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Apple is giving customers a 'trust score'

Apple has started to give its customers a trust score based on how they use their products.

The tech firm has admitted that it's started keeping tabs on the number of phone calls and emails sent and received from iPhones and Apple TVs.

The overarching ambition behind the move is to establish a gauge of each consumer's trustworthiness.

The move will allow the American company to keep track of fake reviews, as well as spam App Store accounts.

Apple's iTunes Store & Privacy policy explains: "To help identify and prevent fraud, information about how you use your device, including the approximate number of phone calls or emails you send and receive, will be used to compute a device trust score when you attempt a purchase.

"The submissions are designed so Apple cannot learn the real values on your device. The scores are stored for a fixed time on our servers."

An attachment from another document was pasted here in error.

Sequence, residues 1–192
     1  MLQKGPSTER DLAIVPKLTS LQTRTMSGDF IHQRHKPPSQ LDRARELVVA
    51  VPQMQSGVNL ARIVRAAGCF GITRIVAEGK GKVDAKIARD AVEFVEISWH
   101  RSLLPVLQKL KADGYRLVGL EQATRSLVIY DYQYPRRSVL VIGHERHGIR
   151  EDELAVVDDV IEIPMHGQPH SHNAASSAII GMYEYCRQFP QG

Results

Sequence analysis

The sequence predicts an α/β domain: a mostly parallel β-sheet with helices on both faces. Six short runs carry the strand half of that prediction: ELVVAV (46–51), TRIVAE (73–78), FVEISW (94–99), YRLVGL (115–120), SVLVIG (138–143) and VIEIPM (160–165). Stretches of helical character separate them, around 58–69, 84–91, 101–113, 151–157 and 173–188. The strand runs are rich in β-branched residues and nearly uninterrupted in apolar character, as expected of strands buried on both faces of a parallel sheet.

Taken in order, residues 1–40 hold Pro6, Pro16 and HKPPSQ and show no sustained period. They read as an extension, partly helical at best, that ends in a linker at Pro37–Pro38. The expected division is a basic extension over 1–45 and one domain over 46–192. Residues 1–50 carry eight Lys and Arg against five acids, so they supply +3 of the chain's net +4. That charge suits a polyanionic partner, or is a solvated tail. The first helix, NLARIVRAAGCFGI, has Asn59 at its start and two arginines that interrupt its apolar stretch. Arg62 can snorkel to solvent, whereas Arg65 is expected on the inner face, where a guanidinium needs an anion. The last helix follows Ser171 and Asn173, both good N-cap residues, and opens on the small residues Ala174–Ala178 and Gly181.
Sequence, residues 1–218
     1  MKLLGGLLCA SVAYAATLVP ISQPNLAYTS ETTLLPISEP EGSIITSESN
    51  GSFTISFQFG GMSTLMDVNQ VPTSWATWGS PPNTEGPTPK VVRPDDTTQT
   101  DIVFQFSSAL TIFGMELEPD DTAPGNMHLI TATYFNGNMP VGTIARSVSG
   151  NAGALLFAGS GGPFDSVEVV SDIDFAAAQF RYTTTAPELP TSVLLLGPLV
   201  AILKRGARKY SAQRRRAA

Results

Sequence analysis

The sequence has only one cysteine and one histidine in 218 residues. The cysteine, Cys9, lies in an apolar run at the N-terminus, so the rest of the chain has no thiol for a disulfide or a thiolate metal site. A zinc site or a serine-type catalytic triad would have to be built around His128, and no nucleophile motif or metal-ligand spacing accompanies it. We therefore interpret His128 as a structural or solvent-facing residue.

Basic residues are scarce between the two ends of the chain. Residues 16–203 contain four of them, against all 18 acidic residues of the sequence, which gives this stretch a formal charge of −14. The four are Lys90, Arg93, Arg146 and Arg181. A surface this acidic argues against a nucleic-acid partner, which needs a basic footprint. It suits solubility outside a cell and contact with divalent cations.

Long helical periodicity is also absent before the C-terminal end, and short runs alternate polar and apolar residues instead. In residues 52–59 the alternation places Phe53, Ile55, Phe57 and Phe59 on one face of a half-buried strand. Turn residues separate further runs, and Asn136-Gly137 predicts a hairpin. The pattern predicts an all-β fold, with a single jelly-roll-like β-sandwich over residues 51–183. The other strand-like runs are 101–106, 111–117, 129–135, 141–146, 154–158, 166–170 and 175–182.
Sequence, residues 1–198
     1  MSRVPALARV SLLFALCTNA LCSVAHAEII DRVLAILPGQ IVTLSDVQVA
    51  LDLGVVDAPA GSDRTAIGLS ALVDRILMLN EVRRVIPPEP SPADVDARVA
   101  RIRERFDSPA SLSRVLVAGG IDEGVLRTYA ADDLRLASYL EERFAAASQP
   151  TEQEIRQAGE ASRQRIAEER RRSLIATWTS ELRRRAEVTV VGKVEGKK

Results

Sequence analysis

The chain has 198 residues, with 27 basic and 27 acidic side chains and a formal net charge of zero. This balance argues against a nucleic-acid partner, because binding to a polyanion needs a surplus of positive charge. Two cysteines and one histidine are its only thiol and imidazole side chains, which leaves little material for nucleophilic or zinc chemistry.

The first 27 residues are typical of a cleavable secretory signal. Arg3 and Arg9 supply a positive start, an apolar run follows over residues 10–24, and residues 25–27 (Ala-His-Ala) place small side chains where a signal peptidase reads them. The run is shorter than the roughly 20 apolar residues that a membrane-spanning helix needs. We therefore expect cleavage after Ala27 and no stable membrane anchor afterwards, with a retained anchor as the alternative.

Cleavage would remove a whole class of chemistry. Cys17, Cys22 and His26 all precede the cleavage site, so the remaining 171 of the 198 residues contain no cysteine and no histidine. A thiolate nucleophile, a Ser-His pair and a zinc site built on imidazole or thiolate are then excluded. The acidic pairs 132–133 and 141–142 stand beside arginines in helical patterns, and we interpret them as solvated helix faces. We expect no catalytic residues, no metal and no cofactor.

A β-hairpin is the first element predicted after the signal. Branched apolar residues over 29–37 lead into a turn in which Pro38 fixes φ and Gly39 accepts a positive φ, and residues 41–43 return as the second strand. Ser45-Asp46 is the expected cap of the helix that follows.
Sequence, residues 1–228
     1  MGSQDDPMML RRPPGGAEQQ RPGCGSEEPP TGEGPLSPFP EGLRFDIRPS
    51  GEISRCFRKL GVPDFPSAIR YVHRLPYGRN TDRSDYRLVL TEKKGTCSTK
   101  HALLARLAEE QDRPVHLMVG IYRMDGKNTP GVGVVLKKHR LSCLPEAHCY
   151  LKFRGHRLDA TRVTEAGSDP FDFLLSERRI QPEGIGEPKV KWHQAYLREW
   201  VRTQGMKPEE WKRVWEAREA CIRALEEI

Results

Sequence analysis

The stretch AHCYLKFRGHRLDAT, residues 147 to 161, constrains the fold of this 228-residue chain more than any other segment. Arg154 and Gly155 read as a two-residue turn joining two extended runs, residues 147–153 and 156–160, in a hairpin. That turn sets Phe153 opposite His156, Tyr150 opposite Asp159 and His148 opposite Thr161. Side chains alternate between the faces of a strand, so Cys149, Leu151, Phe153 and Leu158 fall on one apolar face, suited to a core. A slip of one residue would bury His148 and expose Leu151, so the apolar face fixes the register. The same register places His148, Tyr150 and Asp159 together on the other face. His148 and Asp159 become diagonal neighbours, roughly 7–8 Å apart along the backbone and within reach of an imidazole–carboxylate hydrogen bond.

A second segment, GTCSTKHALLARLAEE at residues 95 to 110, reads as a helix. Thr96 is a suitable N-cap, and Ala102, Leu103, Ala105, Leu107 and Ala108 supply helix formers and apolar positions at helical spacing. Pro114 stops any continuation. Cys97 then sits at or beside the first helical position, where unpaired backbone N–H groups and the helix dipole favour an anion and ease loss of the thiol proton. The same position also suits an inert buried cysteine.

Earlier this week, meanwhile, a feminist campaigner criticised Apple for making iPhones that are too big for the average female hand.

Caroline Criado Perez - who played an important role in Jane Austen's image appearing on the British £10 note - revealed she developed repetitive strain injury from using an iPhone that was too big for her hand.

She said: "I genuinely have repetitive strain injury (RSI) from having an iPhone 6, and it went as soon as I switched to an iPhone SE.

"It genuinely does affect women's hand health. Women do buy more iPhones than men, it just baffles me that Apple doesn't design with our bodies in mind."

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